Beginning in chapter 5, Welch also provides an informative account of the raids conducted by both sides across Long Island Sound, as well as the struggle between Loyalists and rebels on Long Island. Welch goes on to explore Tallmadge’s activities in Westchester County, and the crucial role Tallmadge played in the capture of John Andre in 1780, which revealed Benedict Arnold’s treasonous plan to turn over the fortress at West Point to the British. Welch examines the dispute between Tallmadge and Lt. Col. John Jameson; the latter had sent news of Andre’s capture to Arnold, and this report allowed Arnold to escape to a British ship in the Hudson River. Tallmadge strenuously urged Jameson to recall the letter and wait for Washington to arrive and assess the situation, but Jameson refused. Although Tallmadge was careful to avoid making accusations against Jameson later, Welch cites the major’s careful statements afterward as evidence that Tallmadge believed that Jameson mismanaged the situation.
In chapter 8, Welch discusses Tallmadge’s most successful raid, the capture of Fort St. George on Long Island in November 1780. Armed with excellent intelligence including a map of the fort and an accurate assessment of the garrison’s strength, based in part on his own daring personal reconnaissance, Tallmadge led less than one hundred of his dismounted dragoons across Long Island Sound and marched undetected to the island’s south shore, where he surprised and overwhelmed Fort St. George’s defenders, and during the return journey destroyed a large quantity of forage that the British had stored at the town of Coram. This operation, Welch notes, was Tallmadge’s most successful raid of the war.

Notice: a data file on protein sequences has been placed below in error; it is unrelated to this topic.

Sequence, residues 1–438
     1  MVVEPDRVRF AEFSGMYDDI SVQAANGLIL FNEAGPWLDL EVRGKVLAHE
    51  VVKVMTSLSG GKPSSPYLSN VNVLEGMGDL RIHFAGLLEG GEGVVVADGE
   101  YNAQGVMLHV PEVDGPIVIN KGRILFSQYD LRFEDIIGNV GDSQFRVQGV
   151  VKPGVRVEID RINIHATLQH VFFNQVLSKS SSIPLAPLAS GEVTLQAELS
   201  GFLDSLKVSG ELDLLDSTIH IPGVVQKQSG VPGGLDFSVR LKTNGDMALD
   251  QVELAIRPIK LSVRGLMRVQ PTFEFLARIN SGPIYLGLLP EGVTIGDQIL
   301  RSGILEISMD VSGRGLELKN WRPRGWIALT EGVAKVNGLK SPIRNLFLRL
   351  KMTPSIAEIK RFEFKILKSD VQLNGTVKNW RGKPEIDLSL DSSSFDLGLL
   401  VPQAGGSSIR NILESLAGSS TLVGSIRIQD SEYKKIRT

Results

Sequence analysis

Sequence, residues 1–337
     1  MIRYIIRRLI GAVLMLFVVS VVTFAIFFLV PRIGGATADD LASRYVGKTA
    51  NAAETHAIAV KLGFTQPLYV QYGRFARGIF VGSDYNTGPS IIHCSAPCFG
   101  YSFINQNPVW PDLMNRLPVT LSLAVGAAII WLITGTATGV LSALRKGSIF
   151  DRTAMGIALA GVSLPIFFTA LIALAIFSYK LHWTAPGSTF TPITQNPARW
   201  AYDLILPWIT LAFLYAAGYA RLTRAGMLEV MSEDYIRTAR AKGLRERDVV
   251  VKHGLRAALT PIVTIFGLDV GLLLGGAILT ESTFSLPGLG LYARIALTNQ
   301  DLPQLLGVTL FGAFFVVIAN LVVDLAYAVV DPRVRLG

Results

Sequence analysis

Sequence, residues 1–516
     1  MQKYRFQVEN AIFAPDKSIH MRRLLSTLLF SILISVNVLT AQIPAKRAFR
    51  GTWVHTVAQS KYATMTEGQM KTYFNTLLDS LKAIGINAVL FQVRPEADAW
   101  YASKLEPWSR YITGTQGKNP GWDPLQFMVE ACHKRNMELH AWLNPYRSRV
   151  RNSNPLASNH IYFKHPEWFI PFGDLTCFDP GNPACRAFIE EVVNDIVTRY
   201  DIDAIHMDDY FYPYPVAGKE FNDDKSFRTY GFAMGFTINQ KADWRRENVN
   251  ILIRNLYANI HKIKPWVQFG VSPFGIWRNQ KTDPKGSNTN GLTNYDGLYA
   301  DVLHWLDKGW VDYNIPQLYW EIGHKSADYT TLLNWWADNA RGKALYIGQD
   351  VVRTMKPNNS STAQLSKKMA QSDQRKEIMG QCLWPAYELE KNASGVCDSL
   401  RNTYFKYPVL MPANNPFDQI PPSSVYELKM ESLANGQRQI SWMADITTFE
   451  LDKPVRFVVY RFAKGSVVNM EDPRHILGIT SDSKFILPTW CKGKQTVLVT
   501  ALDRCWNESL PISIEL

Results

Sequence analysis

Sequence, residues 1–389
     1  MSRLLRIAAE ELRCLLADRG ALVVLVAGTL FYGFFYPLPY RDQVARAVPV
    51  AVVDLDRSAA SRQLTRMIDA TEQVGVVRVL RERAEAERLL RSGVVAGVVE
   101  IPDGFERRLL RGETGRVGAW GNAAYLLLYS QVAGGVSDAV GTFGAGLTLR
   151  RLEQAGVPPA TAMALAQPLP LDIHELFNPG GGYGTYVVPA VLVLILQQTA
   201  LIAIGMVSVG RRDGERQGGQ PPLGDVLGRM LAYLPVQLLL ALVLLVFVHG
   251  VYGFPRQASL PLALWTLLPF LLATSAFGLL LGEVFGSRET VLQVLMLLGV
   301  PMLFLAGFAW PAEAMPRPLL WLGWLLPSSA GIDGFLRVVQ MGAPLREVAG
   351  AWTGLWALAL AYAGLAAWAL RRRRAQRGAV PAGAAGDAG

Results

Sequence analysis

Welch follows Tallmadge through the closing days of the war, the officer’s efforts to suppress the cross-Sound raiding that in many cases had degenerated to little more than piracy conducted under the guise of military operations, and Tallmadge’s postwar career as a businessman and Federalist politician.
The book is well organized and informative in recounting Tallmadge’s life and military service while shedding light on many lesser-known aspects of the Revolutionary War in the area where Tallmadge operated. Among these is the fact that Tallmadge provided the only eyewitness account of Washington’s farewell to his officers at New York’s Fraunces Tavern in 1783. The author also offers personal insights into his subject, including the notion that before his marriage, Tallmadge was something of a ladies’ man. Welch bases his account on thorough research in the American sources. However, he does not cite any British material, and it would be interesting to see how Tallmadge’s enemies viewed him and his activities, if any such sources are available. This omission aside, Welch has written a well-contextualized and needed biography of an important Continental officer.